You see, last week I visited one of Chico's finer dining establishments (which will remain nameless mostly because the Beat might want them to advertise). I was hungry for a juicy steak and a fine bottle of wine to wash it down with. Unfortunately, this fine restaurant's wine list was something less than fine. Half of the wines on the list were ones I saw in Costco the day before and the other half were "me too" California cult wines (remember: “cult” = insanely expensive) like Silver Oak, Caymus, Opus One, etc. These aren't necessarily bad wines, but they aren't inspired choices either.

But my eyes absolutely sprang from their sockets when I saw the astronomical prices they wanted for these wines. “Whoa!” I thought, “there’s some serious profiteering happening here!” Here's just a few examples:

Simi Alexander Valley Cab: $37 (Costco: $16.99)
BV Tapestry: $72 (Costco: $34.99)
BV George de Latour: $120 (Costco: $65.99)
Opus One: $225 (most places: about $135)

We're talking a 100% markup here! And for what exactly? Well?

These prices are simply wrong. I can go to Costco myself and spend half what they are charging for a bottle. Do they think nobody shops at Costco and won’t notice?

Any decent restaurant will allow you to bring a bottle of wine with you and will charge you a reasonable “corkage” fee to open the bottle (anything up to about $12 is considered “reasonable” these days). This restaurant’s corkage fee was $12. If I brought a bottle of the BV Tapestry with me I could have saved myself $25, even with the $12 corkage fee. Are they having difficulties with the complex math, is that the problem here?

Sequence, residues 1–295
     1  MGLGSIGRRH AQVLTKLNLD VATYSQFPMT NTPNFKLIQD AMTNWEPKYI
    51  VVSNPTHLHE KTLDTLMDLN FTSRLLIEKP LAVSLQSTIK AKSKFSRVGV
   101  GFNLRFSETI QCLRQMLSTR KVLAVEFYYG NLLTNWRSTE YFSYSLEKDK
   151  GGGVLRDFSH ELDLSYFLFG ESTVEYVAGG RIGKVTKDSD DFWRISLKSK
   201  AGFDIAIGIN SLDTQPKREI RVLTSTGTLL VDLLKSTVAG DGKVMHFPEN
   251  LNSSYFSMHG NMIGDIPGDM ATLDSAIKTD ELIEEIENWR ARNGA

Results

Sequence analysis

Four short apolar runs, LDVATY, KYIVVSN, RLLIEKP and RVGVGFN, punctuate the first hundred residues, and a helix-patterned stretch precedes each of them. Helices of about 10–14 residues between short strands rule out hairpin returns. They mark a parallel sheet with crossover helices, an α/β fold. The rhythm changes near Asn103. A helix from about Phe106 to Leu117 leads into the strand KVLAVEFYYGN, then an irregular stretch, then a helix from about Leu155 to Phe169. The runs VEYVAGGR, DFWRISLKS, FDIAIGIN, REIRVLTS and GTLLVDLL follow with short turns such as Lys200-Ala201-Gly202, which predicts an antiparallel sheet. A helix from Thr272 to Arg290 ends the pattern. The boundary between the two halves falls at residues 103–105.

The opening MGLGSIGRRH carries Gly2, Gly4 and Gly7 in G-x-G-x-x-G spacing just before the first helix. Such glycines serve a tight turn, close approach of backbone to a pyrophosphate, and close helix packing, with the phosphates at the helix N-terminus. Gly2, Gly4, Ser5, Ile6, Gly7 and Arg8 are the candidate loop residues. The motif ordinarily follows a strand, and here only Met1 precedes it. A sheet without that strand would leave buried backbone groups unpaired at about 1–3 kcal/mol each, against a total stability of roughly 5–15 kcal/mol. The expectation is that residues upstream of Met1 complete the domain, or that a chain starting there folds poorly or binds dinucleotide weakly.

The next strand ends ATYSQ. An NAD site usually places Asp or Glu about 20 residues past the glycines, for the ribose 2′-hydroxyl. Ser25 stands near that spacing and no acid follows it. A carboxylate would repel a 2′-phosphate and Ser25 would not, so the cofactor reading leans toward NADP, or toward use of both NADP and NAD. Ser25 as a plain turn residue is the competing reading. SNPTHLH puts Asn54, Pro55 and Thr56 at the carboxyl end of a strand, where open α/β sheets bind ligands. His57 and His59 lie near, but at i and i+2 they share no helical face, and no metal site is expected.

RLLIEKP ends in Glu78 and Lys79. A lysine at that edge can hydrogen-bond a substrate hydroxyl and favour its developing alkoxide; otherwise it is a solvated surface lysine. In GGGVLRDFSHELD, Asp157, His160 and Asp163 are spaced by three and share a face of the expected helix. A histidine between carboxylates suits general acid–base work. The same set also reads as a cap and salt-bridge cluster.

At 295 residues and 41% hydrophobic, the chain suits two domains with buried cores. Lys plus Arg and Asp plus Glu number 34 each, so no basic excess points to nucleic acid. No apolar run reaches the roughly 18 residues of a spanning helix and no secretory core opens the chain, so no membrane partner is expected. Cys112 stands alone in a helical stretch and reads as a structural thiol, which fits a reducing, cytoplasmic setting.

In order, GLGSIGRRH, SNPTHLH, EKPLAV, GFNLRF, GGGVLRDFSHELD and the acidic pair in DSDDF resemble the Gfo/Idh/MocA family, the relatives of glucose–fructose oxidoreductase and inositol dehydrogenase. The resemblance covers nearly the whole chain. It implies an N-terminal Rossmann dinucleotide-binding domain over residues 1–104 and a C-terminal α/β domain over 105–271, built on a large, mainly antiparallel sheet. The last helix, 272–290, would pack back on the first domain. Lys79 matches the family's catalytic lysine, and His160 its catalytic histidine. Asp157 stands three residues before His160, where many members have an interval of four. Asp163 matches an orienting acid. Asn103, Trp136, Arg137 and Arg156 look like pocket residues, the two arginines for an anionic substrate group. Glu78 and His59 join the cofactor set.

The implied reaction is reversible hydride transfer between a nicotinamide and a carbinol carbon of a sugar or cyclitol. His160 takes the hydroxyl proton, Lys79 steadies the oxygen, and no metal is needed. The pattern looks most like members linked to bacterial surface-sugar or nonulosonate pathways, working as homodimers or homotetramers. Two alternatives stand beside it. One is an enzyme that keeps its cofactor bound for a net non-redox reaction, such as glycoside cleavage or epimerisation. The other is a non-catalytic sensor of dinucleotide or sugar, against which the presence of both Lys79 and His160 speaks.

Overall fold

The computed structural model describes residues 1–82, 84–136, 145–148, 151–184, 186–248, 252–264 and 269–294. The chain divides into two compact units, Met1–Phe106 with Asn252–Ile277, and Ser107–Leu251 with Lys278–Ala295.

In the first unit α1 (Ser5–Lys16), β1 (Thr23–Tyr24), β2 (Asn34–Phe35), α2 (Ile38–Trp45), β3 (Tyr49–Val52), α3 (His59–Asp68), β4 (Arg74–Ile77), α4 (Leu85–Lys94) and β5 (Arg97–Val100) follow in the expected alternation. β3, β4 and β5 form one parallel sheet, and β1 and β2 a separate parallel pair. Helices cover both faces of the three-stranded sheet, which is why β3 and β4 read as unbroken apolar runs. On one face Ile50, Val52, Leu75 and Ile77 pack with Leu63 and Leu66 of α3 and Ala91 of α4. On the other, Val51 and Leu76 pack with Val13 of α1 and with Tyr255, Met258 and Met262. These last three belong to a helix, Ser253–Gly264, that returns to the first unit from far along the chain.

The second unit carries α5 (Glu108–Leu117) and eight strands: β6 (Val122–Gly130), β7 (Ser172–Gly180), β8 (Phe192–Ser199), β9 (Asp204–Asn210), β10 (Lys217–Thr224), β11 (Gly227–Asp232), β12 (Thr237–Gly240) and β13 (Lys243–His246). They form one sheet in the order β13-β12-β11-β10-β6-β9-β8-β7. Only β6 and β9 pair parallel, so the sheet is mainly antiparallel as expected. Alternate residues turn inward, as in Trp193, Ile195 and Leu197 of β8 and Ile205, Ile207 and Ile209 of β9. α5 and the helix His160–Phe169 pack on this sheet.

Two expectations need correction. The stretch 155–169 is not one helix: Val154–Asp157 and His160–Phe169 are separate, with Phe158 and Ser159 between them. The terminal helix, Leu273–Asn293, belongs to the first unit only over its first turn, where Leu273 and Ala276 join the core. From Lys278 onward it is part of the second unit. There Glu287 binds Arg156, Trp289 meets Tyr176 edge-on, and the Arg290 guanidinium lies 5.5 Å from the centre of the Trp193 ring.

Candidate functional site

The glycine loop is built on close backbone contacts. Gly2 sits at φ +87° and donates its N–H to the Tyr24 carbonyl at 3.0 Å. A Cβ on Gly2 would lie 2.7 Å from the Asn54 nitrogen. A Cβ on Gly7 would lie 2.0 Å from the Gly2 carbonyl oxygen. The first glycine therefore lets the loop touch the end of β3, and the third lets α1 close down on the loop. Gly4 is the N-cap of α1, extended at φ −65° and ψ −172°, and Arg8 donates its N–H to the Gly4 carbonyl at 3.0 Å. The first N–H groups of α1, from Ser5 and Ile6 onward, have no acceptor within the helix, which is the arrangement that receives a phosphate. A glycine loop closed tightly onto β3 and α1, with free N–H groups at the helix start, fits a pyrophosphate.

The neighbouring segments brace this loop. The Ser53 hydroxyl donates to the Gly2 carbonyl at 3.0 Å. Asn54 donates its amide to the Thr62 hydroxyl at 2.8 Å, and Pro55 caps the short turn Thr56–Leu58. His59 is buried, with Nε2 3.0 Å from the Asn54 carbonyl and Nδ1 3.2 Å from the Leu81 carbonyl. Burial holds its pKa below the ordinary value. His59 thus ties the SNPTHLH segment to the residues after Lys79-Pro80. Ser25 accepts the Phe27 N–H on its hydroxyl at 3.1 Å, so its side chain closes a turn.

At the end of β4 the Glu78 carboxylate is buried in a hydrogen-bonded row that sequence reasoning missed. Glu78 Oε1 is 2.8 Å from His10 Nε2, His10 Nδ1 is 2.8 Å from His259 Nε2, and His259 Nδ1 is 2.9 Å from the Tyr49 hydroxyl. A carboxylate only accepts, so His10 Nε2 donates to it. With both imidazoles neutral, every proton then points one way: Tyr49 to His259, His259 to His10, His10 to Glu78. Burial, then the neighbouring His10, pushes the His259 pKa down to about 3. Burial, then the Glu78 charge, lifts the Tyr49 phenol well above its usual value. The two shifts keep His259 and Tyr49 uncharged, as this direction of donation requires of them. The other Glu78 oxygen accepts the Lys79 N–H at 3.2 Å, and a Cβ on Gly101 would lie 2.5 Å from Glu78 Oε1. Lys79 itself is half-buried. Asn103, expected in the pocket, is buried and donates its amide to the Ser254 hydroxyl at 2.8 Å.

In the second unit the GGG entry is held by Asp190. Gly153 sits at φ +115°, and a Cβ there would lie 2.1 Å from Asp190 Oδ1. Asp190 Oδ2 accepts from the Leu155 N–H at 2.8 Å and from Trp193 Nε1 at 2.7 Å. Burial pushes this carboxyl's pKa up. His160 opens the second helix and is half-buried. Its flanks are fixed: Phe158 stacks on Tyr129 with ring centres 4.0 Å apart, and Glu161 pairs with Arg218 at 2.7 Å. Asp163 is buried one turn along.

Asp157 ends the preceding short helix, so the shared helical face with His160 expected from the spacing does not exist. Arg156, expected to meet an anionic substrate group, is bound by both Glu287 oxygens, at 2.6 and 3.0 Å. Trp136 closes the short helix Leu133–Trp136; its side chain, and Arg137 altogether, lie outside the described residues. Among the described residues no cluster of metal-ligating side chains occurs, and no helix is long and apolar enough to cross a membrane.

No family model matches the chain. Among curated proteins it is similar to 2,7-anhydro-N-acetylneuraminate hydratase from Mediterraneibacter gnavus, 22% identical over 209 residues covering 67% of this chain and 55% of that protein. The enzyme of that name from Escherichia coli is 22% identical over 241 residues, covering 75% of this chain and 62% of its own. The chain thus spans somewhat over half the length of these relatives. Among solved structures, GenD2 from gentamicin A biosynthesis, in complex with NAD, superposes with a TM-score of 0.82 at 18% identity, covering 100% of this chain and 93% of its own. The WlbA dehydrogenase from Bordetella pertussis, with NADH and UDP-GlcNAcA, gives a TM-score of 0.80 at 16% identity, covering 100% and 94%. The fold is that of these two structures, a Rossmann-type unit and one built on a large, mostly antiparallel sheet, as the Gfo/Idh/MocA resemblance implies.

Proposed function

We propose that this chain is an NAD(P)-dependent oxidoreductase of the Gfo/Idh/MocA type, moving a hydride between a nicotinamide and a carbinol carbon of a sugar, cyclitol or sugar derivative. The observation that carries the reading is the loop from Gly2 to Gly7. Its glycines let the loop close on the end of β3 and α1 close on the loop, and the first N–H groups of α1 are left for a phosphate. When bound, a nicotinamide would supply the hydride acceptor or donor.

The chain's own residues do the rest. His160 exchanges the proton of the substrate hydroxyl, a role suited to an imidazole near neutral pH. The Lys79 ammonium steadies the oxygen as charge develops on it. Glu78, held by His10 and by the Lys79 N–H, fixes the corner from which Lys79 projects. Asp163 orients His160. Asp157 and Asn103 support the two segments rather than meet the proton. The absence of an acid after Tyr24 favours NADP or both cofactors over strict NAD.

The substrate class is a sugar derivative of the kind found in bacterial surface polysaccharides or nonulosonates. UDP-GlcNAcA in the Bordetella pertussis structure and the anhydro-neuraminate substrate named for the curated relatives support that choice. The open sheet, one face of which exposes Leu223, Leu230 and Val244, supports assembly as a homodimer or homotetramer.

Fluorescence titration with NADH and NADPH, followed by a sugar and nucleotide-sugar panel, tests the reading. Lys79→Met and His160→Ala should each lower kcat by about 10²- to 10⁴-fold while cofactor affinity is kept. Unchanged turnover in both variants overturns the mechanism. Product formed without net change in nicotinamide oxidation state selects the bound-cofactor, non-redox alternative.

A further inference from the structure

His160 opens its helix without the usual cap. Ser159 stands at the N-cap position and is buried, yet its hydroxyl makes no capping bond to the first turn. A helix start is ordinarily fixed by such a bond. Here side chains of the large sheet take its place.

This has got to change, and I’m going to start by putting all the restaurants in Chico on notice (as if my opinion carries any weight):

  1. Get better wine lists and stop trying to sell us big name cult wines that are expensive and uninteresting
  2. Stop charging outrageous, usurious markups for your mediocre wines
  3. Start charging reasonable corkage fees for the backbreaking and highly skilled task of opening a bottle of wine

There’s only one restaurant in town (that I know of) that is doing it right on all counts: Redwood Forest. Not only do they have the best wine list in town, but they charge retail plus $8 for bottles. That eight bucks is their corkage fee, probably the cheapest corkage fee in town.

My recommendation to you: Buy something good that you like, take it to the restaurant and pay the corkage fee. Not only will you pay less for the bottle, but it will be something that you know you will enjoy.

Look, I may not be funny, but I’m no more interested in paying outrageous prices for wine than you are. Next time I go to that restaurant, I’ll be packing a bottle of Two Buck Chuck. Maybe that will get the message across.

Wine of the Week

1998 Domaine Pontifical Chateauneuf du Pape

Chateau-what? A real mouthful, I know, but if you’re used to fruity $15 bottles of California or Australian wine and want to move on to a different level, this wine will do it. Chateauneuf du Pape (sha-toe-noof doo POP) is a wonderful wine from the Rhone Valley of France. Typically a blend of grenache, syrah, and a bunch of other grapes that aren’t cabernet sauvignon or merlot, Chateauneuf du Pape’s are powerful earthy wines. This is one of the best I’ve ever had, especially for the price (Chateauneuf’s typically go for twice what this bottle costs). Complex, earthy, and smooth, with notes of forest floor, mushroom, and soil. Incredibly well balanced fruit and acidity. Stunning with steak or lamb. A real bargain for $30 ($38 if consumed with a meal) at Redwood Forest.